There is something about the Highschool years that can bring anxiety to even the most laid back homeschool mama. What seemed manageable before can suddenly feel overwhelming. You can begin to believe that you are not adequate for this huge responsibility!
I am here to tell you… stop that train right now before it runs off the track! Homeschooling highschool does not have to be scary. In fact, it has the potential to be one of the very best part of your homeschool journey.
Delight Directed Learning in Highschool
My philosophy on homeschooling teens has its roots in personal experience. I was thirteen when my mom pulled us all out of public school and began homeschooling. My life abruptly changed as I began spending my days reading books and exploring the things that interested me, while doing a little bit of traditional subjects on the side. Overnight I entered into the world of Delight Directed Learning and I loved it.
Four years later I suddenly decided I’d like to try college. Since I was the oldest child, my mom had never walked this road before and I’m sure she wondered how things would go. I hadn’t done any testing during these highschool years and had not even completed a single curriculum; just spent hours reading books, writing for fun, discovering the world around me and doing a little math here and there.
In our state a GED was the alternative high school diploma. I checked out a GED study book from the library that I started to go through (and felt pretty overwhelmed by!) and a short time later went in for the test. To my surprise I passed with a high enough score that I was eligible for a scholarship. In this way I began a college experience that would end with a Bachelor’s degree in Fine Arts with high honors awarded for my GPA.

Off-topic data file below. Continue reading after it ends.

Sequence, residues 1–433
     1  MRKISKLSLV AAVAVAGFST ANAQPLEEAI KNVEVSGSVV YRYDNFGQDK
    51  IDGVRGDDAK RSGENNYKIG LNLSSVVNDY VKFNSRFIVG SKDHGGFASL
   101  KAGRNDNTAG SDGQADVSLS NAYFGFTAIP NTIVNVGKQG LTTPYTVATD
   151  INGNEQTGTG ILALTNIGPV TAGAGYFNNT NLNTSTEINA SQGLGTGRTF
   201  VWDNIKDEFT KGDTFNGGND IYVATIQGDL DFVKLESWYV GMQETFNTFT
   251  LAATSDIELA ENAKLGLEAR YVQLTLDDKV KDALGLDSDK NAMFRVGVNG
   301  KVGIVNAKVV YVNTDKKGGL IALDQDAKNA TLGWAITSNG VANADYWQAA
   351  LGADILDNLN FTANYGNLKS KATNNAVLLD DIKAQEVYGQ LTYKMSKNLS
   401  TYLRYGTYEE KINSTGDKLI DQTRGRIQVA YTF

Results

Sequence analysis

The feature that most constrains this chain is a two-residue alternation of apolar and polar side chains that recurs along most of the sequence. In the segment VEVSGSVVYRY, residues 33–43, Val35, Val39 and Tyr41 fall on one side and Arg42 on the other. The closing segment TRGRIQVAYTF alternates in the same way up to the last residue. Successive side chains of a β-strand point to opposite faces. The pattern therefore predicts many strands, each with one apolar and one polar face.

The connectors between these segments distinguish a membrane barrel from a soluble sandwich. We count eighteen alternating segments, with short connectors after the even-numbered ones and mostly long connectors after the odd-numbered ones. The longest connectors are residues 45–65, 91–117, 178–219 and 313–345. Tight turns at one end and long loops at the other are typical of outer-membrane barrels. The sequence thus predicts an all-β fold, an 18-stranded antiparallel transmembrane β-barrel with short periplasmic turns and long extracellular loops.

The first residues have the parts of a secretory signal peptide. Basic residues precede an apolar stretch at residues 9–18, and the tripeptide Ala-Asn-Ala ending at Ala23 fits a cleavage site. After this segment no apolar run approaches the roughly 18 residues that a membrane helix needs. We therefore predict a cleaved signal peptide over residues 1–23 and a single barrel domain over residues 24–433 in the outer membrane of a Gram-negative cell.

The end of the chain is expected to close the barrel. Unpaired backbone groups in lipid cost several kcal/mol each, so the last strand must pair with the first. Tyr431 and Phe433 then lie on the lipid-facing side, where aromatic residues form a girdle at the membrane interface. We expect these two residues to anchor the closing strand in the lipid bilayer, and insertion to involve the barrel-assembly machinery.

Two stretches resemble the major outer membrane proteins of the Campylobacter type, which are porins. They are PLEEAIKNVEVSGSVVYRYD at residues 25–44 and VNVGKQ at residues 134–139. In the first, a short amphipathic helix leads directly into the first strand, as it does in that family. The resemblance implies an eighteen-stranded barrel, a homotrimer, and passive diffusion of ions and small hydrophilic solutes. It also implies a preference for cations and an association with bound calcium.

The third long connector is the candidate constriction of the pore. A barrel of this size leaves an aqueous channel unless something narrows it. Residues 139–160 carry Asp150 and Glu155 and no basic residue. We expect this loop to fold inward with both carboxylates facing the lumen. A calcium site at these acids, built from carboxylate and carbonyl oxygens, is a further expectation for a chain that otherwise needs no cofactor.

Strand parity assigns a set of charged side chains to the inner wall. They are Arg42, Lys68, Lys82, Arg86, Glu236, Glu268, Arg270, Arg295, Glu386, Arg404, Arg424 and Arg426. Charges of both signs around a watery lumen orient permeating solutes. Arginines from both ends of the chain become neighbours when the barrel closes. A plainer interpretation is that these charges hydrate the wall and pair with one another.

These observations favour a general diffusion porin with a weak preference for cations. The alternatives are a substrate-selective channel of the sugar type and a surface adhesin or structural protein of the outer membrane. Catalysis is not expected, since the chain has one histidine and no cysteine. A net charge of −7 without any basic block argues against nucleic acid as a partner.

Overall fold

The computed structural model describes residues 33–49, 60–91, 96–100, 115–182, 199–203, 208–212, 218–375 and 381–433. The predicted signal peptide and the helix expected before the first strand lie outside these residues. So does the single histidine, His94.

My own homeschool highschool experiment had ended triumphantly. I walked away not only with a degree, but also with the confidence that a delight directed education can actually work.
Fast forward 17 years later. I now have three teens of my own and am right in the middle of the highschool years. I am now able to customize an education for each of my (very different!) children and allow them the space and time to pursue their passions.
Too much academics?
I recently spoke with a woman whose homeschooled children are now in their twenties. She shared with me some of the things she’s glad she did during those years, and also a regret: “I wish I had been more laid back and let their interests determine things that we studied”.
It turns out that those young adults had a highschool education that was so academically rigorous they didn’t have much time to explore and discover the things that interested them, and they are now unsure of what they want to do for a career of their own. They are full of knowledge but lacking direction.
This was very affirming to me in the choice I have made to homeschool my kids in a way that was similar to how I had been. That is, letting their interests take the lead.
Homeschool Highschool While Looking Forward
By the time my kids get to the teen years I have been observing them for over a decade. Perhaps you haven’t been homeschooling since the beginning and you are just now intentionally paying attention to how your kids learn and what things make them come alive with enthusiasm. Become a student of your child. Take the time to really study them. This is the first step in guiding them through the highschool years.
Although I continue to have my teen practice the basic subjects, I resist the urge to pile on more work and more curriculums as an effort to feel like we’re really taking this highschool thing seriously. These are precious years where they have the time and support to explore interests that may turn into a future career. When we allow them to utilize this, there is a greater chance that they will enter adulthood with a vision that was inspired by the giftings God placed inside of them, and a love for learning plus the confidence to teach themselves. This combination is dynamite! It will carry them through any challenges that may stand in the way as they move towards their goals.